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Bass Pro founder leads tributes to conservationist who transformed Orvis


Bass Pro Shops founder Johnny Morris has paid tribute to Leigh Perkins, the man who turned the Orvis company into an internationally renowned brand.

Perkins, who died last week aged 93, took control of the company in January 1965 and transformed it from a business with a staff of 20 and sales of $500,000 to a global enterprise with 700 employees and sales of more than $90 million.

In a eulogy to his long-time friend, Morris said: “He was one of our heroes. I thought the world of him for many reasons, but especially admired his unwavering commitment to customers and conservation. He loved the opportunity to provide customers with the very finest quality fly fishing and outdoor gear while connecting them to extraordinary outdoor adventure destinations.

“Leigh was a lifelong conservationist. Through his generosity and clear-headed advocacy, he was an inspiration to all of us who care about the outdoors. He used the powerful and respected platform of Orvis to create great awareness by highlighting priority conservation opportunities and inviting his customers to join in to find positive solutions.”

Morris also recalled one of his friend’s favourite comments, taken from Perkins’s book, A Sportsman’s Life. Asked about the success of Orvis, he said: “I was in the right place at the right time. Which proves, once again, what a number of friends have said about me – that I am a hell of a lot luckier than I am smart. If you can only be one or the other, I will take lucky.” 

Perkins earned a degree at Williams College, Massachusetts, before working in a number of jobs for the next 15 years, including in the iron mines and as a salesman selling gas welding and cutting equipment.

He took control of Orvis on New Year’s Day, 1965, becoming president, merchandiser, art director and product developer. He also took phone calls and read customers’ letters.

He founded the Orvis-Perkins Foundation that has donated millions of dollars to habitat restoration and wildlife conservation. He helped pioneer the ‘5 percent for the environment’ movement supporting groups like Trout Unlimited, the Ruffed Grouse Society, the Nature Conservancy and the Atlantic Salmon Federation.

Orvis veteran Tom Rosenbauer said Perkins’s conservation work will be his lasting legacy. “Of course, Leigh had an impact from a product and market perspective. You would expect that. But I think his greatest and most lasting contribution was his dedication to conservation before it was cool or popular. And it was not a cynical business decision. Back in the ’60s and ’70s, most fly fishers didn’t give much thought to the environment, as long as there were trout in a stream or birds to shoot.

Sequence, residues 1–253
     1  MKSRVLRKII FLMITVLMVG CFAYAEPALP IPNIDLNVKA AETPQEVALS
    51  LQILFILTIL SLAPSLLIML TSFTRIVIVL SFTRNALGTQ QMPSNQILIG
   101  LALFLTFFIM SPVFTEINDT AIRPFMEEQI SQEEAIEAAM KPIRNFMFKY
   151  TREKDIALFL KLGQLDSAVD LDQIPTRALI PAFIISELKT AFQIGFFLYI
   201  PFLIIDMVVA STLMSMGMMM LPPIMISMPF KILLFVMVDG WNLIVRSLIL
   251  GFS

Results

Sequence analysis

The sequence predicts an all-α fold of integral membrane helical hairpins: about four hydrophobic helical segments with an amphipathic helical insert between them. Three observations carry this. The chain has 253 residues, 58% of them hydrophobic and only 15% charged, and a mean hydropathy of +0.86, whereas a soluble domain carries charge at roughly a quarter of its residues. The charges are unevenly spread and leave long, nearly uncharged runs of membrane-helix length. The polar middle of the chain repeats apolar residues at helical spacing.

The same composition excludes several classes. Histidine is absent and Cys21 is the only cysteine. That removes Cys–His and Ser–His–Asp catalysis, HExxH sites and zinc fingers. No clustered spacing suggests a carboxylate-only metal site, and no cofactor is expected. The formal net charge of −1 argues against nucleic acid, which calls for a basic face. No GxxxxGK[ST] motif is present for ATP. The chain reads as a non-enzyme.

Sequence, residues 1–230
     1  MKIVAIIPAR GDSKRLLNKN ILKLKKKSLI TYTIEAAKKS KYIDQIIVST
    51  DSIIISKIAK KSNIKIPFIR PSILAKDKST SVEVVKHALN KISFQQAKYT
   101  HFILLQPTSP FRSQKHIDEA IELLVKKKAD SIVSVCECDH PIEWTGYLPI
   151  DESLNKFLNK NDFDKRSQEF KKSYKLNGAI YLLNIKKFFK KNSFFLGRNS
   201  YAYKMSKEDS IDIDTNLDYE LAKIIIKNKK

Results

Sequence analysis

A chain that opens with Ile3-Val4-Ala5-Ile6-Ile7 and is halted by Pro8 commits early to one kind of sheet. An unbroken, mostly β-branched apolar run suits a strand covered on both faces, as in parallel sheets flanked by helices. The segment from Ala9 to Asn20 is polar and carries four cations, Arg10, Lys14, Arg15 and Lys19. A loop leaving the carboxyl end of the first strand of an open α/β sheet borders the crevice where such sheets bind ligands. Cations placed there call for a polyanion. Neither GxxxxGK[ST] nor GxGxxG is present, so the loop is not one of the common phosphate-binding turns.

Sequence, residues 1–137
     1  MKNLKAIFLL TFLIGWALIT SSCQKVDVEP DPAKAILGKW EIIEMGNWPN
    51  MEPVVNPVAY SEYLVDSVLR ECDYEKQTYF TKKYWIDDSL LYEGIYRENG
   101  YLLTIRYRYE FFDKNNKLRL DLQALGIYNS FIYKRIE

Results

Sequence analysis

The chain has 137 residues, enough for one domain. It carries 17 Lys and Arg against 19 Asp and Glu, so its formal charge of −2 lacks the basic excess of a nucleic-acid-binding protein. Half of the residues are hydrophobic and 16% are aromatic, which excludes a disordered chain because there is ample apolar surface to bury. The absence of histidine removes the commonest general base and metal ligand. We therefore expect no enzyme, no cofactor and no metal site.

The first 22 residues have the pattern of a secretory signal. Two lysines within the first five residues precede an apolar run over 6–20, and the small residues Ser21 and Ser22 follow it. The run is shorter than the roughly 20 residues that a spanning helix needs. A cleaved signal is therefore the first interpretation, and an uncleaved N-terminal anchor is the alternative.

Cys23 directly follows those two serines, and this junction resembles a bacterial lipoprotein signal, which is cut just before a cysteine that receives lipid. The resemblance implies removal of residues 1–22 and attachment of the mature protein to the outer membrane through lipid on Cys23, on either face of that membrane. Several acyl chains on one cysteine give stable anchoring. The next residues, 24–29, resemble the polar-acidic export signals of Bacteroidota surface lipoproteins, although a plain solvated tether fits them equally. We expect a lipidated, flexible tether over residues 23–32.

“Leigh did it because he wanted to be a steward of this world he loved, and if the company didn’t make enough profits in a year to support a project, he would reach into his own pocket, quietly, without telling a single customer or even his employees.”

Perkins focused on providing products that solved problems and enhanced time on the water or in the field. He introduced the first retractable zinger to hold fly fishing tools and the first Gore-Tex rainwear. The Orvis graphite fly rods were not the first on the market, but were generally regarded as better-designed and more durable than those of competitors.

Perkins received many accolades, including the 1992 Chevron Conservation Award, an honorary Doctor of Laws degree from the University of Montana for conservation work and the Bonefish and Tarpon Trust’s Sportsman of Year award. honouring preservation of the fish and waters he so loved.

Despite his many achievements Perkins’s self-effacing humour was frequently to the fore. Asked in an interview what he’d like to be remembered for, he said: “My duck soup recipe!”

Picture: courtesy of Orvis

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